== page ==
Sobriety checkpoints are roadblocks that are never disclosed in the area in which they will be setting up the check point. The check point will involve law enforcement officials stopping every vehicle (or more typically, every nth vehicle) on a public roadway and investigating the possibility that the driver might be too impaired to drive. They are often set up late at night or in the very early morning hours and on weekends, at which time the proportion of impaired drivers tends to be the highest due to drinking all night. Checkpoints are also often set near the exit points of public events, to prevent large numbers of drunk drivers from being released into traffic under the influence from the event. With a portable and quick alcohol breath test, the police can test all drivers (if the law permits), and process the cars one by one as they enter the check point area. When there is no quick test, a more complicated routine is necessary. However upon suspicion, the stopped driver is required to exit the vehicle and take a roadside sobriety test that requires the demonstration of both mental and balance skills. If the officer feels that the driver can not pass the test, it is determined based on his observations during the tests, the driver is then required to take an alcohol breath test (referred to as a Breathalyzer test in the United States). It is important to note that you cannot pass or fail a field sobriety test as they are not "pass-or-fail", they are only meant to aid the officer in determining if you are impaired based on observations of the subjects performance of these tests.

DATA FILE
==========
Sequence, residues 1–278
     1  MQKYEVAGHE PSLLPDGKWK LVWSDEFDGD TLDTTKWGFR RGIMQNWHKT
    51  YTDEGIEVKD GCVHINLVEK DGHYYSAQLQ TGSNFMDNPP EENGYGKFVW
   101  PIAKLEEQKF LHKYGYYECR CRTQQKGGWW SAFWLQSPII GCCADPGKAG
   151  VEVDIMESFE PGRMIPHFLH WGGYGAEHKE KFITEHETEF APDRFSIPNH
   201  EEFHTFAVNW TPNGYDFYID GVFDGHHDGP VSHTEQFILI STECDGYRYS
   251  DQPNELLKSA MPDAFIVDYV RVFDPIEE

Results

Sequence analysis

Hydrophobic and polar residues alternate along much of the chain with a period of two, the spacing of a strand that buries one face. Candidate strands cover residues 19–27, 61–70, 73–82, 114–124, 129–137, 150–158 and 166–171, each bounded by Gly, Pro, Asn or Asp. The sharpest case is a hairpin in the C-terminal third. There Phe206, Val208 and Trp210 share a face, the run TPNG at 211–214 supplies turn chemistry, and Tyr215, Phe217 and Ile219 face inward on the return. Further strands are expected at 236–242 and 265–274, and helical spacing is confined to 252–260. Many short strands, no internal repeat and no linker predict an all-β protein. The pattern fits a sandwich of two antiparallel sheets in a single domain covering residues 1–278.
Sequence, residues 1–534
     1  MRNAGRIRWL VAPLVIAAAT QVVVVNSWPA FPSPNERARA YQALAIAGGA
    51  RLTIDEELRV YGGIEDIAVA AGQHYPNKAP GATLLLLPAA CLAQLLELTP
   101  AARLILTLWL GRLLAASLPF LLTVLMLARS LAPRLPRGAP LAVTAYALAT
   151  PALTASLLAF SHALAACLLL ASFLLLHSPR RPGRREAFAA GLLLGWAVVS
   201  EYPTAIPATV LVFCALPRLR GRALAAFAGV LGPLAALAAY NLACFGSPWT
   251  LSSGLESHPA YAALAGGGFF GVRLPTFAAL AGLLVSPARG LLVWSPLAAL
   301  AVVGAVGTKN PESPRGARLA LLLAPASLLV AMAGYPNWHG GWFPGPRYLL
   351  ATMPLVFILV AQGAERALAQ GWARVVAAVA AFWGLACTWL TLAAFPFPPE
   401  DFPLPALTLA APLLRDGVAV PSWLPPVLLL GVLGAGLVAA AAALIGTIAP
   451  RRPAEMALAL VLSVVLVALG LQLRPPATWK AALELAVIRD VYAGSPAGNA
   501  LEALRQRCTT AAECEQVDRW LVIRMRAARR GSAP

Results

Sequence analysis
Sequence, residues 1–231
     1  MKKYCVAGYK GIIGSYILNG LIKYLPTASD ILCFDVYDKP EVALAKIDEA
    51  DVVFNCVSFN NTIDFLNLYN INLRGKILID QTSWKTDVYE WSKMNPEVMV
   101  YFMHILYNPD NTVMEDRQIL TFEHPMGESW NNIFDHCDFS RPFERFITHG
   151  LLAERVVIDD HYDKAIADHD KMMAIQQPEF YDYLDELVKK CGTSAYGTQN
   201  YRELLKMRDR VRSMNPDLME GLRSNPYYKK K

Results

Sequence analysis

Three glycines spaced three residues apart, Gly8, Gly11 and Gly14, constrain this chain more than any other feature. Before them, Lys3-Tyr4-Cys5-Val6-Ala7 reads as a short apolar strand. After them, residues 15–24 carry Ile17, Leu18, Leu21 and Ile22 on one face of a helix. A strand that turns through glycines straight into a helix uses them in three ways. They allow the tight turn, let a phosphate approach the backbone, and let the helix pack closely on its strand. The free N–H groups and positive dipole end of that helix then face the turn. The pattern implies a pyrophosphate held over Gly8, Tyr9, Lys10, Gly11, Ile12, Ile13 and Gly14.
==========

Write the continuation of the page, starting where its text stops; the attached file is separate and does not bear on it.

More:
Being subjected to perform this test is not prohibited by the fourth amendment of the United States Constitution if the law enforcement entity posts or announces in advance that these checkpoints will occur and at what location; law enforcement agencies often post a sign in a small road or street during the weekdays when it is only seen by local residents and not by those attending a special event or those that only travel in that area of the city during the weekend to give notice to the local bars and clubs. These announcements are also found printed in news papers to give further notice. Numerous websites host a database of check points that are to occur based on information found in news papers, the internet and tips from visitors of such sites. In addition there are also some smartphone apps that include a function to report sobriety checkpoints, show them on a map and use the device's GPS to alert the driver when a sobriety checkpoint is nearby. Sobriety checkpoints regularly catch much more than just drunk drivers. The identity checks will catch individuals wanted by the police, and DUI often occurs together with other crimes, such as vehicle inspection and registration violations, vehicle tax avoidance or driving without a license.
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